Pool of resources

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By John Foster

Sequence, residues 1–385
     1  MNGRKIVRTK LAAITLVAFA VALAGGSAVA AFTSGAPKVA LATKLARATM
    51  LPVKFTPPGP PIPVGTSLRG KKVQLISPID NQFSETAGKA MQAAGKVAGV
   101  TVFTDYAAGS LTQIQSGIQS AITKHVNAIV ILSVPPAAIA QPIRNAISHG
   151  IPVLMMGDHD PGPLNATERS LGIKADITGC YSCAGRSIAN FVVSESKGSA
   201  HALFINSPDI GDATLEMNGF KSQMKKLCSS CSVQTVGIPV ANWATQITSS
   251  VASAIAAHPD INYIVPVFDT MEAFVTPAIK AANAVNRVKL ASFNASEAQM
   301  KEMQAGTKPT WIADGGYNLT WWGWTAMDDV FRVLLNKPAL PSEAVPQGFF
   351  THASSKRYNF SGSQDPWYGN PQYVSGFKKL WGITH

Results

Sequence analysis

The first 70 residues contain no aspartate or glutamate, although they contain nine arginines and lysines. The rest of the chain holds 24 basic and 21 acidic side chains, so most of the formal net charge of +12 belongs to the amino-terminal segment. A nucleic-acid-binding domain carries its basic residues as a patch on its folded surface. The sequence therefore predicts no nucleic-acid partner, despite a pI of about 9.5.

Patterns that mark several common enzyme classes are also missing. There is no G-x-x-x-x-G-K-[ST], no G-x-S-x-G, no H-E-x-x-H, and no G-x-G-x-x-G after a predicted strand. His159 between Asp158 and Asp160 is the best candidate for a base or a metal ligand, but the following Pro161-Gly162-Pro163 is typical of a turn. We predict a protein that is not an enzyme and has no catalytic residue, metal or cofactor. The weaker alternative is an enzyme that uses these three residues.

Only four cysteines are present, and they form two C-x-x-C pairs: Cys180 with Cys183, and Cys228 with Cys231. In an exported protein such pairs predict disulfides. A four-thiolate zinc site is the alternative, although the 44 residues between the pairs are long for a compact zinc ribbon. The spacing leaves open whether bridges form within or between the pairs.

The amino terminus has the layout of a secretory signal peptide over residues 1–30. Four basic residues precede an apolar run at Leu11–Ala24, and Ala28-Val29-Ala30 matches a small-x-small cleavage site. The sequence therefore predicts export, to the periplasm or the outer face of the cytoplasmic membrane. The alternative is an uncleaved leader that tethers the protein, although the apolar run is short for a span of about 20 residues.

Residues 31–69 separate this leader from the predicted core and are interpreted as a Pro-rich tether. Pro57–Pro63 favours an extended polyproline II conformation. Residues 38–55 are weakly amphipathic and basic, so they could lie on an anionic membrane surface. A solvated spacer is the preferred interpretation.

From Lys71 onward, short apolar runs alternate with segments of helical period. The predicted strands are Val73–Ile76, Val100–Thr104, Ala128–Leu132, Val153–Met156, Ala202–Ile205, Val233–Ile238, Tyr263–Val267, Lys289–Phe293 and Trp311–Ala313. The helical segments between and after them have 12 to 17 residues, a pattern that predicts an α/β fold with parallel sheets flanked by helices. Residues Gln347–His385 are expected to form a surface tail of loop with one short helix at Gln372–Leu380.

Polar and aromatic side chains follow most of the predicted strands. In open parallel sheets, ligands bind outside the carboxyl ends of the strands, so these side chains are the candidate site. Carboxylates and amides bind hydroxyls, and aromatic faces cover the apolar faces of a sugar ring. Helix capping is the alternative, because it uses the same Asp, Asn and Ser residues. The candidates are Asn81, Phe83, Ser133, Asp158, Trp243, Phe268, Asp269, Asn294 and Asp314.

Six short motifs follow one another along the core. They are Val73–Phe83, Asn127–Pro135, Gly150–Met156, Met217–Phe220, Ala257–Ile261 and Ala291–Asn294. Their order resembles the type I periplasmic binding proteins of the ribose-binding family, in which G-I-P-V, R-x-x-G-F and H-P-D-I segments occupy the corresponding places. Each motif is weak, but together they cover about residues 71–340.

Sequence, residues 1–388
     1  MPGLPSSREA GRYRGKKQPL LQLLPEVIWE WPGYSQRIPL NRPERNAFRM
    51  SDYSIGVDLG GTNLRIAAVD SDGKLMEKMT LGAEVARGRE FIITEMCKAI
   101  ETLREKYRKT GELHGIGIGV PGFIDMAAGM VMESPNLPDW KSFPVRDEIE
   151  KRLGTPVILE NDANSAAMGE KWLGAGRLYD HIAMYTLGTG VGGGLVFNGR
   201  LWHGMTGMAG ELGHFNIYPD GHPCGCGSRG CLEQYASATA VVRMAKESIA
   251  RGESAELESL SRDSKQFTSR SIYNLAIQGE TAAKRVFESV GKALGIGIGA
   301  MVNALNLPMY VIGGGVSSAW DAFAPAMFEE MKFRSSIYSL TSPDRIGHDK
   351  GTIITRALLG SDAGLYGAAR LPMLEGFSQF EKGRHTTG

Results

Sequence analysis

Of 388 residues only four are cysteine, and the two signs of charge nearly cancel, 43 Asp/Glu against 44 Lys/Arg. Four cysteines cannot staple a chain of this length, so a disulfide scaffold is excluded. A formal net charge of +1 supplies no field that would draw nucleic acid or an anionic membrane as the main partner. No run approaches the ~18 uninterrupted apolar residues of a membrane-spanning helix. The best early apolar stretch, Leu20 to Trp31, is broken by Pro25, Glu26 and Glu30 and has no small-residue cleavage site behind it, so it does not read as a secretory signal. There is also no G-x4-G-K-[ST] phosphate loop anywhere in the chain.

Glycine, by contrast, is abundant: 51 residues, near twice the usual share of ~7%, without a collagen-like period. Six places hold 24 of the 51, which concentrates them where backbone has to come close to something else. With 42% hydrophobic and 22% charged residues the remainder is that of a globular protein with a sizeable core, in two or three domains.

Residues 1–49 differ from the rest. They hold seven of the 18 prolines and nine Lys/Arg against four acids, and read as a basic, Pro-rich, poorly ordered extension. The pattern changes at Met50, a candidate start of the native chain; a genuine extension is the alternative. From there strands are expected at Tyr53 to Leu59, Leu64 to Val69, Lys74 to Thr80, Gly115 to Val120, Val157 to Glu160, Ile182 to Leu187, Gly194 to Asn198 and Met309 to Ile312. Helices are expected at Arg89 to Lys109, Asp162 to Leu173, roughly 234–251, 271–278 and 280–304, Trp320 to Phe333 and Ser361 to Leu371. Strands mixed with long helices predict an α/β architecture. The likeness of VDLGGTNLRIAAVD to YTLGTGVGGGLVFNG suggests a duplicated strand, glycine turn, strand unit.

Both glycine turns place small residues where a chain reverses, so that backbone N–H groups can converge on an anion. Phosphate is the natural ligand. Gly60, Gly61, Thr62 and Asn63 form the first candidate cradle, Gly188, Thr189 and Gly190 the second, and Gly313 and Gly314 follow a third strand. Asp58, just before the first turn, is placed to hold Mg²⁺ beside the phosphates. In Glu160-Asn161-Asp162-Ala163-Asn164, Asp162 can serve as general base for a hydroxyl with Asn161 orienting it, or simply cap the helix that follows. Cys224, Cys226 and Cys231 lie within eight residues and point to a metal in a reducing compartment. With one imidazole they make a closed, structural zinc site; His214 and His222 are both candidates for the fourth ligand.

Please excuse this statement of the obvious: Teachers at Goshen Elementary each have their own set of knowledge and opinions. If there were only a way to pool all of that knowledge and sort through those opinions. The problem is, during the course of a school day, teachers on the south wing of the school normally don’t see teachers on the north wing of the school, School Technology Coordinator Cindy Smith said. How does a school faculty pool that knowledge and those opinions effectively? Faculty meetings are useful, but they only go so far. It is difficult to schedule meetings at a time convenient for everyone, she said. And there is inevitably too little time for everyone to share their knowledge and opinions. Some teachers, especially newer ones, may find it intimidating to air their thoughts in that setting. Smith sees Web 2.0 technology as part of the solution. As a result she has set about creating a “virtual learning community” at Goshen. Using airset.com, teachers can post information to wikis — a collaborative Web site where content can be edited by anyone with access to it. In this case, teachers. Literacy coach Donna Monroe works with Smith on the project. She said this allows teachers to pool resources – including lesson plans and useful Web sites. When Monroe led a three-hour presentation on guided reading last year, she was able to post the information on the airset.com site. This year, new teachers can access that knowledge by accessing the site, without Monroe having to present the material again. She said the back-and-forth nature of posting information to the site has helped the faculty nail down what they mean by “professional development” and “collaboration,” among other topics. “This is a way to keep the conversation going,” she said. Monroe and Smith find the online approach especially useful for them, since they are the only faculty members with their position at the school. The virtual learning community approach allows them to more easily collaborate with media specialists and literacy coaches at other schools. Teachers aren’t the only ones pooling knowledge and opinions at Goshen. Students are getting in on the action.Teacher Winn Wheeler used a wiki for a segment of her class to explore more about plants. They pooled knowledge on topics like photosynthesis, plant parts and why plants are important. Teacher David Wallace has a classroom Web page like other teachers in the school where he can disseminate information to his students and parents such as announcements, homework and a classroom wish list. He also created a link to a class blog — an online journal, short for Web log — where he posts questions about literacy. Students are able to access and write answers, adding an interactive feature to the site. In students’ responses it is evident the blog allows them more freedom than a classroom assignment. They write a congratulatory “Happy Birthday” or the exciting news that their friend’s mother is going to have another baby.Sometimes they get a little silly. “I typed this,sincderly [sic], guy who wrote this” But mostly they stay on task, even embracing the idea of discussing reading strategies. And get this – it’s totally optional. What would be viewed as homework on a printed page becomes something some choose to do at 7:30 a.m. on a Saturday. Wallace posts questions like: “What do you do when you are confused with a word, phrase, or section of a reading passage? What strategies seem to work best for you? Hint: think about all that we do as readers under the “tip” of an iceberg...” And they respond with answers like: “When I’m confused with a word or phrase, I go ask my mom. If she doesn’t know, I go ask my dad. If he doesn’t know, then I go to the dictionary. If the dictionary doesn’t give me any help, then I go to the Internet. If THAT doesn’t work, then I give up. But normally it doesn’t get past dad. The only time it really ever gets past him is if it’s in a language he doesn’t know like Indian or Japanese or Mandarin.” The class has posted more than 75 entries since August. Kallen Sebastian is a regular blogger from the class. She said she likes to read, so she likes to express her thoughts about her reading on the blog. She writes on it as much as possible, she said. She said if Wallace issued the same question as a homework assignment on a piece of paper, she wouldn’t be as excited to answer it. “It just seems that when it’s with computers, it’s just more fun,” she said. Goshen may be at the forefront of using this technology, but it is certainly not the only school in the district to incorporate blogs and wikis. Kimberly Flanders’ third- and fourth-grade class at Crestwood Elementary uses the class blog to discuss what they learned in science in a week or chat about that day’s writing celebration. Angie Heibert’s third- and fourth-grade students use a blog to discuss how liquids turn into gas, among other topics. At Buckner, the fifth-grade teachers use Airset.com. Harmony Elementary also makes use of blogs and wikis. Oldham County High School business teacher Wes Husband writes a blog. Even Locust Grove, which will open in August, has a blog. Principal MariAnn Arnold maintains a blog where she answers parents’ questions about the staffing process and other topics. At Goshen, Smith said she doesn’t believe the school has maximized the abilities of current technology. Beyond expanding the use of blogs and wikis, she would like to see the use of podcasts. She thinks parents could subscribe to a podcast, where students would outline what they had learned in school that day or week. It could also be used for an absent student to stay caught up with the class. Maybe even a class could do a “radio report” on the American Revolutionary War for podcast, she said. Like Monroe said, “This could turn into so much more.”

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